WALKER PITCHES HUSKY'S 250 TWO-STROKER HEAD-TO-HEAD AGAINST THEIR 310 FOUR-BANGER TO FIND OUT WHICH ONE'S TOP DOG...
Husqvarna's world launch last year of their 2011 machines naturally centred around the all-new 449 and we didn't get to spend a major amount of time on the smaller thumpers or indeed the two-stroke models. This gave me an idea for a bit of a head-to-head challenge - putting a manufacturer's two-stroke bike up against the comparable four-stroke in their range. So as soon as both the 250 and 310 were available for us to test we hit my very cold and wet Marshfield enduro loop for the challenge of two versus four over a timed lap.
The WR250 two-stroke is a slightly weird one for me as at the tests in Italy over the last few years the bike has not run to its full potential. The jetting seemed to be off and it made the bike difficult to enjoy. The base was there but the final pieces in the puzzle were missing to make the bike reach 100 per cent of its potential. I had the opportunity to ride the two-stroke a couple of times recently and the bike - although not changed in any major way - is a good, solid enduro bike again.
The WR has benefited from an all-new ignition system and this seems to have made a massive difference in the overall package and ease of ride. The power was smooth and linear through the range and this was a new experience for me on the 250. The difference is noticeable straight away as the roll-on ability of the power inspires a confidence to tackle everything in the way. All the way from the first opening of the throttle to the screaming over-rev the bike behaves itself and tries to deliver the goods to the rear wheel.
The chassis is unique in feel with a low front end but grip is easy to find. As with most bikes the time spent getting the body positioning and timing right in technical going is important but the WR gives good feedback straight from the off. The clutch is a little heavy compared to some of the bikes in the range as it's still cable actuated but the feel is solid so you know the clutch is strongly sprung and therefore robust enough to take a lot of abuse no matter how hard the going gets.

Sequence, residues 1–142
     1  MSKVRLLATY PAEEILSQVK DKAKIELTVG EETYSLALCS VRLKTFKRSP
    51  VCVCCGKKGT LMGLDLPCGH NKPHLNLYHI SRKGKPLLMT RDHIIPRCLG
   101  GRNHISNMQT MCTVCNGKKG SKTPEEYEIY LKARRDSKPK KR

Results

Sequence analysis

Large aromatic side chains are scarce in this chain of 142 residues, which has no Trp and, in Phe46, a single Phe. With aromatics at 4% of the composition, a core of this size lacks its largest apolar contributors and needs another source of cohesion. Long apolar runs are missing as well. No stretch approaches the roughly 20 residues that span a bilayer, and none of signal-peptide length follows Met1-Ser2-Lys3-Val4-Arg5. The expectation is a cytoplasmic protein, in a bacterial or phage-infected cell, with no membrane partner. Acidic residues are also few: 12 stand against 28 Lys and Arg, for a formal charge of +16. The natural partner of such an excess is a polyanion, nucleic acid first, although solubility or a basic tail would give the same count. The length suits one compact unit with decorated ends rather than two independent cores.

The smoker was feeling good on the sections of the loop where Sutt was snapping the pics and as the rain kept pounding down things were getting a little wild and out of control at times, especially in the bombholes where the final hole of three has a 10 foot undercut exit ramp. Good for trials type riders, pictures and Sutty's smiling chops but not so good for little old me or the bike...oops. But the Husky was fine after its solo ride and I jumped on the 310 to get a good feel for the four-stroke Husky power and chassis before the competition began.
I cannot hide my liking of the 310 Husky as it is one of the easiest bikes to jump on and ride in every style of going. There is a feel from the bike which makes you want to ride it hard and it does not wear you out at all. The seating position is comfortable and easy and the controls are all positive and light at both handlebars and feet.
The fuelling from the injection system is slightly off at the initial part of the rev and this causes a bit of stalling on the tight sections of track until you become aware of it and keep the revs up a tad. This needs to be addressed as the motor is absolutely solid in every way except for this small glitch. The bike may have needed a little more running time but this is not the case with other manufacturers' bikes in this modern fuel injection era. The power output is a pleasure when you get above the stutter and grip is easy to find even from a standing start into climbs. Basically everything about the 310 Husky makes it fun to ride and it does beg to be revved when you get into the faster parts of the track. The Italian revving style comes to the fore on these parts.
So with both bikes ridden and a good feel >>
Was this article helpful?